Two Wildlife Detector Dogs destined for work with the Fiji Petrel on Gau Island have passed their NZ Certification Test.
Bob and Tar, two Labrador cross dogs from Ecoworks, Gisborne, New Zealand have completed their basic training and have received their Certification by the Department of Conservation.
After nine months training, they are now ready for field work before they arrive in Fiji in May this year.
NZ rules are that detector dogs working with Endangered Species must wear a muzzle, even though they are trained never to bite the species they are trained for.
Eleazar O’Conner, the Fiji Petrel Project Officer will travel to New Zealand in April for on the ground training with the dogs and will be working them on Mana Island with for the Department of Conservation where they will be finding Grey-faced Petrel nests and other petrel and shearwater species. Mana I will be a good test for the dogs and provide them an opportunity to find nests of different species, based on the scent they are provided with at the start of the day.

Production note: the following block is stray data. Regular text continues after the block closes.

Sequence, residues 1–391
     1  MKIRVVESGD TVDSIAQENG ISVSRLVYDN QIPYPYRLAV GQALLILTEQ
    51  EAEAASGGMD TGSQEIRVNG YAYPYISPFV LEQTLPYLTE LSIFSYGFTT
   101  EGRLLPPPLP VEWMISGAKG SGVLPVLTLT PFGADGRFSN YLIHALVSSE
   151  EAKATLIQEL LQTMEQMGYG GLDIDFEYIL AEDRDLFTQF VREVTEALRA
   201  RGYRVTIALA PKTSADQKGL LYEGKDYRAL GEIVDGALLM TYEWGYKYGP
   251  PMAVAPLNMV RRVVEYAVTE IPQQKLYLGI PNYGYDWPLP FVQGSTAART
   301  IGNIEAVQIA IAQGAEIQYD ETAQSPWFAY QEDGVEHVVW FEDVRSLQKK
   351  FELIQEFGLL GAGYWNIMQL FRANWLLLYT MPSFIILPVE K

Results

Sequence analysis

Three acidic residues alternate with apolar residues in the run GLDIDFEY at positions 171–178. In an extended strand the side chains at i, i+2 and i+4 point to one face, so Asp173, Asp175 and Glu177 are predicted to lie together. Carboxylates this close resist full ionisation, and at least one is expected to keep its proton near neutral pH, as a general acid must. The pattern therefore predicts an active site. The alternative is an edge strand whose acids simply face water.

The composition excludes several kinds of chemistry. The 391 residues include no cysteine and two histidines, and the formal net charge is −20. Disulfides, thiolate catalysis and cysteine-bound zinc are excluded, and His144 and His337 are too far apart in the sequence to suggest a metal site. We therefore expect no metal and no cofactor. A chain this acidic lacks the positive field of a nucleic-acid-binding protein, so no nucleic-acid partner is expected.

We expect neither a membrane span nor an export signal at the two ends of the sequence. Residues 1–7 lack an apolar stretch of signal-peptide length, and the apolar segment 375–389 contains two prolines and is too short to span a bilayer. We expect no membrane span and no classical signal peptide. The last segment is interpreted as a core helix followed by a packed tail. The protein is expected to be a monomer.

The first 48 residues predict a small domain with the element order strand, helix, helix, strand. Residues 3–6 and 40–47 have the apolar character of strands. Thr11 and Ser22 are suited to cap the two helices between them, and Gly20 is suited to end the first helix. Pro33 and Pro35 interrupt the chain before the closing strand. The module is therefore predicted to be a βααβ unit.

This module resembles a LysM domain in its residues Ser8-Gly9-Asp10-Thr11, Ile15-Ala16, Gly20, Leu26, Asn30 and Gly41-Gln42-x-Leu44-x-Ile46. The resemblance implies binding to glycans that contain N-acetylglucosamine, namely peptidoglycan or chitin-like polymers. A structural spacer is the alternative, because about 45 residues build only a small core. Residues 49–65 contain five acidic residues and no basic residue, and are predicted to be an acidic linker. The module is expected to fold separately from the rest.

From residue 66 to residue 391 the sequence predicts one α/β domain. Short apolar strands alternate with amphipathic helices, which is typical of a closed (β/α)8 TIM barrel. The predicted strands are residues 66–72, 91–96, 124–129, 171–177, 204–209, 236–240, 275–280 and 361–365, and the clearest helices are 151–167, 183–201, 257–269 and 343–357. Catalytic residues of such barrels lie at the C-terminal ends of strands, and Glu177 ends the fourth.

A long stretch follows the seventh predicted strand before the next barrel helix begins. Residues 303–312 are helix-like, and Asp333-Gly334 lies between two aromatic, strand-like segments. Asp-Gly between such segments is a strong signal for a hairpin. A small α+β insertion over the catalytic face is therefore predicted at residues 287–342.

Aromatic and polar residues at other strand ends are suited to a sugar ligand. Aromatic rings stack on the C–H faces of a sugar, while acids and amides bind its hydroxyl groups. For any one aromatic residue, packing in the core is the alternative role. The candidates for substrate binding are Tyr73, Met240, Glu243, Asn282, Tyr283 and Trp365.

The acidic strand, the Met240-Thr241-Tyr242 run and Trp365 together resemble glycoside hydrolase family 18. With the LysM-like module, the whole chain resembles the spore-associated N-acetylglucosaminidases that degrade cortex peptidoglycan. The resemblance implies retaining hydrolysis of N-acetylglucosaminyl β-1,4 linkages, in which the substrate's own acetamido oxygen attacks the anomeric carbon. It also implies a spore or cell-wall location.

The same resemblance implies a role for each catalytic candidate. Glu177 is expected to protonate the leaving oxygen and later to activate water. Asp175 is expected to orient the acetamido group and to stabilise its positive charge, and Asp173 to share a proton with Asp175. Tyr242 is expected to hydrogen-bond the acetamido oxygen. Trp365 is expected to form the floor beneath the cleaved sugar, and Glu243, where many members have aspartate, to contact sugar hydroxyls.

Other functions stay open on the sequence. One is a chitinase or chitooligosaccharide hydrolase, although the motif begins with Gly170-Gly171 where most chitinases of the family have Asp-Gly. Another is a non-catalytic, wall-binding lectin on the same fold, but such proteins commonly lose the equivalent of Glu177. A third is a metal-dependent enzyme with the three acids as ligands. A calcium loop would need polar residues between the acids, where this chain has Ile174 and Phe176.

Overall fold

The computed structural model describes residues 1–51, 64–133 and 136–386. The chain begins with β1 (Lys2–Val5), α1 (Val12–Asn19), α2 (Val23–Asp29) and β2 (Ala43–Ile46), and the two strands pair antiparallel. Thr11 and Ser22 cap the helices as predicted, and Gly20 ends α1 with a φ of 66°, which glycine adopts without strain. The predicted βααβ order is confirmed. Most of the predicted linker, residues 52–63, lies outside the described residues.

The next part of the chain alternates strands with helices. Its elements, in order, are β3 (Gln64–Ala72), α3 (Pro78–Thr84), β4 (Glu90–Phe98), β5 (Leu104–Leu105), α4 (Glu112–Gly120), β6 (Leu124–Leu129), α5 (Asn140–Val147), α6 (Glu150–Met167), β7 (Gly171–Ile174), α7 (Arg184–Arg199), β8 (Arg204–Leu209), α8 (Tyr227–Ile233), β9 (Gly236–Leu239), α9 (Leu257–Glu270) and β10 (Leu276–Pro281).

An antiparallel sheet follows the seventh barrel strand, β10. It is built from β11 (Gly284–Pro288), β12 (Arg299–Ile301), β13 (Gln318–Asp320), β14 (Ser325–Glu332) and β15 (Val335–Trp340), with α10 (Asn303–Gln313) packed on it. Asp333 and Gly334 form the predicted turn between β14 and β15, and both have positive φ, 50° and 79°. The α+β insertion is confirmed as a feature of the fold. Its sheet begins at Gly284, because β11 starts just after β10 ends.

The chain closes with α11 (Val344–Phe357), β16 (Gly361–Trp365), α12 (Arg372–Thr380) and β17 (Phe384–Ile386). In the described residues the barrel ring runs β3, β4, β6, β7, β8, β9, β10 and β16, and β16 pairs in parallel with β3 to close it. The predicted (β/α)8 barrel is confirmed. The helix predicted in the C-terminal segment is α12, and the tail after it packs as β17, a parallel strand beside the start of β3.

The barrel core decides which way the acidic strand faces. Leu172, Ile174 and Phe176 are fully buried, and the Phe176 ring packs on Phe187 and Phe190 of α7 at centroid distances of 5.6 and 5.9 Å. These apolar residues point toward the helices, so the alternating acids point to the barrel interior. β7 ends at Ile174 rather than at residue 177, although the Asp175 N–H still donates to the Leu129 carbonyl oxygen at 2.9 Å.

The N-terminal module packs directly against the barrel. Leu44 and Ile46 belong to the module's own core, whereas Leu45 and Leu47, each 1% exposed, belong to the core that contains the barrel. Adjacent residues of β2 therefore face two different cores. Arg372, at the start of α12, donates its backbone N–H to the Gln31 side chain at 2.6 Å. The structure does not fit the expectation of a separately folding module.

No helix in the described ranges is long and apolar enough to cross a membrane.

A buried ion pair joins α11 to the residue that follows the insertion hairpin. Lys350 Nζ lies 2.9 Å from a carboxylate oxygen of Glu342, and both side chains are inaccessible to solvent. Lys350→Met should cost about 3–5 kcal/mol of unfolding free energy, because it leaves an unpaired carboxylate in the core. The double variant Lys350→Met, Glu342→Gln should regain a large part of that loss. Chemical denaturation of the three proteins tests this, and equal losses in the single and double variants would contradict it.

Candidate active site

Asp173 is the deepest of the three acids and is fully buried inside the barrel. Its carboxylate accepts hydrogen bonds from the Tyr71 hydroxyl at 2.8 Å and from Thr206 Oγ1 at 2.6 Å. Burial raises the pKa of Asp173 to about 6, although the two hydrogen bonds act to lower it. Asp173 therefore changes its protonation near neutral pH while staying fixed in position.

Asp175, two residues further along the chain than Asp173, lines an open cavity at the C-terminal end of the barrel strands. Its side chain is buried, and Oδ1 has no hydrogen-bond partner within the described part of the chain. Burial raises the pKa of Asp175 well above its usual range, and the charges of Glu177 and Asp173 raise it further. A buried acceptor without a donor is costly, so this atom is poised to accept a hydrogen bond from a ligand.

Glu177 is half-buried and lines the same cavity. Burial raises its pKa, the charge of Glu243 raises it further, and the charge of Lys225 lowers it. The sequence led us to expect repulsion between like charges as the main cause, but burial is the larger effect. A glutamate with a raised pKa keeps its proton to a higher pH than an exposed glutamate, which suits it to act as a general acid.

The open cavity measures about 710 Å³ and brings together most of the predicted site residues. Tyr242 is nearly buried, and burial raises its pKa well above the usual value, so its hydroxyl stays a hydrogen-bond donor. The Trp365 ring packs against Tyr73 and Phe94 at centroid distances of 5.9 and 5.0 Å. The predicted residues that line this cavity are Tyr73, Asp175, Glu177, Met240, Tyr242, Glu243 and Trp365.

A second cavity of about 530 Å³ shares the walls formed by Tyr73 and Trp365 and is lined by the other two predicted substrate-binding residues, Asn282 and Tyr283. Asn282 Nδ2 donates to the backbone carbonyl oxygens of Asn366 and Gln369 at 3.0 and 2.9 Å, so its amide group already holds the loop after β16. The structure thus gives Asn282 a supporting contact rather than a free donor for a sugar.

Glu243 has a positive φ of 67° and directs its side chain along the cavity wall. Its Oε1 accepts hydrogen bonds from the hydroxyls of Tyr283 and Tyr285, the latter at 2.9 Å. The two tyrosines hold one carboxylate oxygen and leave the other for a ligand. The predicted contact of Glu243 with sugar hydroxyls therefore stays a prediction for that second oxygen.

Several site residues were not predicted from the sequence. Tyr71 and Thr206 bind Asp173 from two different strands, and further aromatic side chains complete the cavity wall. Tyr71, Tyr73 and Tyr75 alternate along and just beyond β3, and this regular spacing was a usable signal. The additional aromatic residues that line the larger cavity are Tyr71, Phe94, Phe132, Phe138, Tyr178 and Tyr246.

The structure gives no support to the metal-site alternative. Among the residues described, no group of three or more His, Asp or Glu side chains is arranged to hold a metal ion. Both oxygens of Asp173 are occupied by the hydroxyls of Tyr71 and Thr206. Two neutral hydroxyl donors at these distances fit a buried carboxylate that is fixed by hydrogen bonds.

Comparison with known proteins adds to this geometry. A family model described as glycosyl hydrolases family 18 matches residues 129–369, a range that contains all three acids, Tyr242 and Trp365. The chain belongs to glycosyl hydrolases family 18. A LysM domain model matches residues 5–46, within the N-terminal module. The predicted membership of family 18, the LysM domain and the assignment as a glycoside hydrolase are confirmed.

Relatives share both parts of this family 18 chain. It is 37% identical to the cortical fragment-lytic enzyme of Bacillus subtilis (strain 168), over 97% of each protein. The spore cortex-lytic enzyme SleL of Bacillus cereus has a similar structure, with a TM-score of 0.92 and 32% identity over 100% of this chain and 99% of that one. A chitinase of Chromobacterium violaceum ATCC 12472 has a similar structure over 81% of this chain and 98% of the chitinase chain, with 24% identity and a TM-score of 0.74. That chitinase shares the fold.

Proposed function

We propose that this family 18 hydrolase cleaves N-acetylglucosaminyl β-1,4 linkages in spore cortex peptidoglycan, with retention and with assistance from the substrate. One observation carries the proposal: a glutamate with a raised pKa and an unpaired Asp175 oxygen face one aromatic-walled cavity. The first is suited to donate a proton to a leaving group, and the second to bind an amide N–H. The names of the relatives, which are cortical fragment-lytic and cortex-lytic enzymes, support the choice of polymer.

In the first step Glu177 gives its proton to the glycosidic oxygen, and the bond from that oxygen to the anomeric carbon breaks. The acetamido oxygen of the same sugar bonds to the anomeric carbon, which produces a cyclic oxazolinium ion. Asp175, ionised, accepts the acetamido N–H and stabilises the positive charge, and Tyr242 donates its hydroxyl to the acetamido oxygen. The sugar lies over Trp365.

On Gau, Poasa Qalo from Nukuloa village will be the other dog handler and NFMV is grateful to the Fiji Police Force who have agreed to host Poasa with the Dog Unit so that he can get first hand knowledge of working dog handling and husbandry before the wildlife dogs arrive. It is anticipated that Bob and Tar will work the hills of Gau for at least three years in a concerted effort to find the nesting sites of the Fiji Petrel, one of the world’s rarest birds.